Tuesday, May 11, 2010

We Are Halliburton

By Baynard Woods

I’ve been sick with some kind of bacterial poisoning, probably from some oysters I ate at a stand up bar in Baltimore on the middle of a warm day. I’ve lain in feverswoon watching the oilslick approach the Louisiana Coast and it has somehow been the only state of mind from which I can imagine watching this tragedy unfold.
It is impossible not to be outraged at the simple fact of the destruction and the contamination itself.

Five thousand barrels a day into the Gulf is nearly unthinkable. President Obama has placed the blame squarely only the shoulders of BP. Halliburton is also heavily involved in the running of the rig and the ruining of the Gulf. We can be outraged at them and at all of the assholes who’ve been chanting “drill baby drill.” And this includes Lindsay Graham, from whom I wish to strip any compliment I’ve ever paid. I still believe he got the administration to back him on offshore drilling for Cap and Trade and this week decided to back out of Cap and Trade to keep JohnMcCain from having to take a stand on immigration.

The outrage spreads like the oil itself until we notice that we are all sticky. We are all Halliburton. The devastation in the Gulf is not only the fault of Palin and Graham and the rest of the “drill baby drillers.” It is my fault and yours.

It is not just our cars—but the entire modern world that is built on petroleum. We are all addicts. Our food is grown and shipped with petroleum products; our water heated; our TVs, computers, and cell-phones. We put petroleum on our lips when they’re chapped and many a young man has lost his virginity to a petroleum jelly.

Of course, there are degrees of accountability.  They’ve been hugely profiting off of this oil and others have profited politically by promoting it. Now they’re talking about building big covers to put over the leak and we may scream at the TV “Make them? Why the hell weren’t they already made and ready?”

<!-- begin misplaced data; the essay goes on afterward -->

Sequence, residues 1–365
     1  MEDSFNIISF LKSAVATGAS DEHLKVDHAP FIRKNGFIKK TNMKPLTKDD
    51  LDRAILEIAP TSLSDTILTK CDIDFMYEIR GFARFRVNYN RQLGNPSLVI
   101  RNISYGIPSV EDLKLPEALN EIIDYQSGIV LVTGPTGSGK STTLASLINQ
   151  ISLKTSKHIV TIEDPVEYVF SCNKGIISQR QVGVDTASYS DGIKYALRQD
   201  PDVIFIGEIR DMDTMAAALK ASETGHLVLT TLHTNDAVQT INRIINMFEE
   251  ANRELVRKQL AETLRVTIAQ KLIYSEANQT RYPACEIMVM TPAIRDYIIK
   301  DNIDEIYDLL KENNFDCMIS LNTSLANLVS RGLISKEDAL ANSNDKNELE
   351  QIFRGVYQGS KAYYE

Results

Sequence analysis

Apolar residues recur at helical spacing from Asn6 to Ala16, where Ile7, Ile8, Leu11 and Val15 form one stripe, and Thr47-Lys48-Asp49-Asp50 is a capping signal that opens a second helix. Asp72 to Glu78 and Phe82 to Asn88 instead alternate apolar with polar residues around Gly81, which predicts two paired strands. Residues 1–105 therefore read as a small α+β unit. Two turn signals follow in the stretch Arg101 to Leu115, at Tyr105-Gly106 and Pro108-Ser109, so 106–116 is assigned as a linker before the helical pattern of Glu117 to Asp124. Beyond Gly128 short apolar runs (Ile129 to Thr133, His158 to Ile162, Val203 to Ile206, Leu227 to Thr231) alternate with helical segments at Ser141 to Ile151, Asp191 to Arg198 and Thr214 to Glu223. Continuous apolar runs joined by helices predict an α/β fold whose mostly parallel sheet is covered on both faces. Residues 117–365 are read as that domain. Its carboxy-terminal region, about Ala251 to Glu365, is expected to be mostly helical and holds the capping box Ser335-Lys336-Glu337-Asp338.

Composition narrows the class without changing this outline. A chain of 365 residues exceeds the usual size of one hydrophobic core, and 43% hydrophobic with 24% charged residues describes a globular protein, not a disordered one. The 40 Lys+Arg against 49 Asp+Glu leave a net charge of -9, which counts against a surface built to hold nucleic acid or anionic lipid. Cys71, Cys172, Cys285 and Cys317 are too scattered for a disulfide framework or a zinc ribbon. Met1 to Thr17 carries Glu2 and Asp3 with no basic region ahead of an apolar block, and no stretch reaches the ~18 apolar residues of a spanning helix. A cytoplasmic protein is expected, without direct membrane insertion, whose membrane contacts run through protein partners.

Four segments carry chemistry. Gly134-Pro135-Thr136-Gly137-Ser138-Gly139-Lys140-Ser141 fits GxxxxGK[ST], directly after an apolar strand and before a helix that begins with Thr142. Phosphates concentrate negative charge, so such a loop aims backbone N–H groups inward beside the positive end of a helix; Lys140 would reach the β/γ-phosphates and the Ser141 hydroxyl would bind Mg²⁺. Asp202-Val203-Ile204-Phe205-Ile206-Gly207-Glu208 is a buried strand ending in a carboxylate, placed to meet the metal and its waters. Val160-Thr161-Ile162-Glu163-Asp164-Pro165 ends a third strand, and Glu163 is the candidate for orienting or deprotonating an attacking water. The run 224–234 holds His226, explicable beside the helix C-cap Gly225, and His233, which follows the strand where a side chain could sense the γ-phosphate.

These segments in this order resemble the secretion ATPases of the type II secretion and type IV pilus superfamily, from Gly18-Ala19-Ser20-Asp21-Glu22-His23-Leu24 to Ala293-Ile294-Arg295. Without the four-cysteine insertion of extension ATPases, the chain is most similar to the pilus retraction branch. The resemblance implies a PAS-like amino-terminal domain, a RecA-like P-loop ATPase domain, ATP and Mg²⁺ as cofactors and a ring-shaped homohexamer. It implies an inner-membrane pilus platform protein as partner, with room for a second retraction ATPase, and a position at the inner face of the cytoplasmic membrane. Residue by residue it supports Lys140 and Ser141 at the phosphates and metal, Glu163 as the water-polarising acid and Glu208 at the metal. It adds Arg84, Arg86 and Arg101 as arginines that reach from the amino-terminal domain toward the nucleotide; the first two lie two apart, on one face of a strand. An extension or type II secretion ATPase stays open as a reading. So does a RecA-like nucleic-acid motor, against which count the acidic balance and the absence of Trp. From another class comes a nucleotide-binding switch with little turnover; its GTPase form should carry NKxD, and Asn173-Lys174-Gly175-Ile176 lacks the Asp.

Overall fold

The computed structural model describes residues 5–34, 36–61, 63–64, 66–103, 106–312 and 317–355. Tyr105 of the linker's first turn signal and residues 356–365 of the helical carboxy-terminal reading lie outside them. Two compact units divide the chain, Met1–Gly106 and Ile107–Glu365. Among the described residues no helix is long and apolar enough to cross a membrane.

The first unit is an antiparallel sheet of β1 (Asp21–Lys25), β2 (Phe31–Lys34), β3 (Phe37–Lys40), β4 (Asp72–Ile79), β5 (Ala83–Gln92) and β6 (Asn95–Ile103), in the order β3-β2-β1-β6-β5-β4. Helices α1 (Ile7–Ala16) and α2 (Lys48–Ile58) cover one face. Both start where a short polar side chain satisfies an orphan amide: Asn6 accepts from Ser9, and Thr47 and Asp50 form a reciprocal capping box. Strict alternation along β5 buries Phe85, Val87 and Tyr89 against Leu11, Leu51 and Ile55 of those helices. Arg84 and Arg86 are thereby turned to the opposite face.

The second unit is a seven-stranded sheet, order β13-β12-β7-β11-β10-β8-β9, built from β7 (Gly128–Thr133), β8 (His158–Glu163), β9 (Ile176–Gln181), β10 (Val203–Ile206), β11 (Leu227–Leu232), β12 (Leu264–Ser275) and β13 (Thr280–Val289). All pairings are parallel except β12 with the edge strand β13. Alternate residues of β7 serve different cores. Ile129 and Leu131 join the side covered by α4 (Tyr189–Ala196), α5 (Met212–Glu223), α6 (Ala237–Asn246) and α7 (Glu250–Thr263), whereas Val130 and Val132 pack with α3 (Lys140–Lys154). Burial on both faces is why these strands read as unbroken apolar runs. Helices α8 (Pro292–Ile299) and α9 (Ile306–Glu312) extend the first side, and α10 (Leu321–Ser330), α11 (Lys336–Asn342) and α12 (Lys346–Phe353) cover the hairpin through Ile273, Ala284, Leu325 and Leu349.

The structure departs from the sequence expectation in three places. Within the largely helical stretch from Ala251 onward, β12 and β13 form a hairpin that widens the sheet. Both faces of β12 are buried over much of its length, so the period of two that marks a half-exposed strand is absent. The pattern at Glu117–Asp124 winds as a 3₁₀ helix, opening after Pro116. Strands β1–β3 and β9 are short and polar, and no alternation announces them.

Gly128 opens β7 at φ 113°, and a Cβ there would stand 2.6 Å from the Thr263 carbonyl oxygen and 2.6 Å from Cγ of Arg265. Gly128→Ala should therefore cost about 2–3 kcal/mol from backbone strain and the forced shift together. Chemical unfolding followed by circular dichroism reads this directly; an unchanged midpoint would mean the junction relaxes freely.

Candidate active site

The slow initial response, the slow onset of horror is reminiscent of the response to Katrina. The silence of the “off-shore right” are all infuriating. But we cannot allow this to become another small battle in our small-thinking culture wars.

This is a generation defined by missed opportunity. On 9/11, President Bush had the chance to rethink American power and American citizenship. People wanted to act. He told them to keep shopping. Then, eight years later, Obama inherited an economic crisis based on the very same logic of Bush’s solution: the economy is a lie whose effectiveness if precipitated upon our belief. Obama missed a chance as great as Bush’s. He could have faced the fundamental contradiction of our economy: what is good for the economy is bad for the consumer and especially the citizen. In a consumer based economy, debt, over spending and profligacy is public virtue because otherwise the economy doesn’t work. But, we’ve now learned, it doesn’t work even if we spend more than we have. It will ultimately collapse. We cannot live in a derivative economy that produces nothing more substantial than super hero movies.

We have been pusillanimous in our response to these problems. We have refused to look at them. If we all face up to the fact that the crude in the Gulf is on our hands—only then might we have the chance to rebuild our economy on an actual foundation. The attempt to create a world and an economy that is not based on fossil fuels can rebuild our economy. Economy and ecology share the same root: home.

These two problems have not only infected our home. We have dwelled in them for so long that they are our only home and our only hope is to recognize it.
The people of Louisiana can clearly see what is still just another TV segment to the rest of us. If we do not take the intellectual effort to ask what this means, we’ll get more and more lessons until oil clogs Beaufort’s marshes.

The country reinvented itself after Pearl Harbor. It doesn’t take a lot of imagination to see this dual economic and ecological crisis as a similarly great threat to our home.  We could accept this as another example of the “Age of American Decline.” Or instead of waiting for the next lesson, we could try to make sure Louisiana is the last catastrophe of this kind and rebuild our economy in the process. If we accept responsibility, we can begin to take action.


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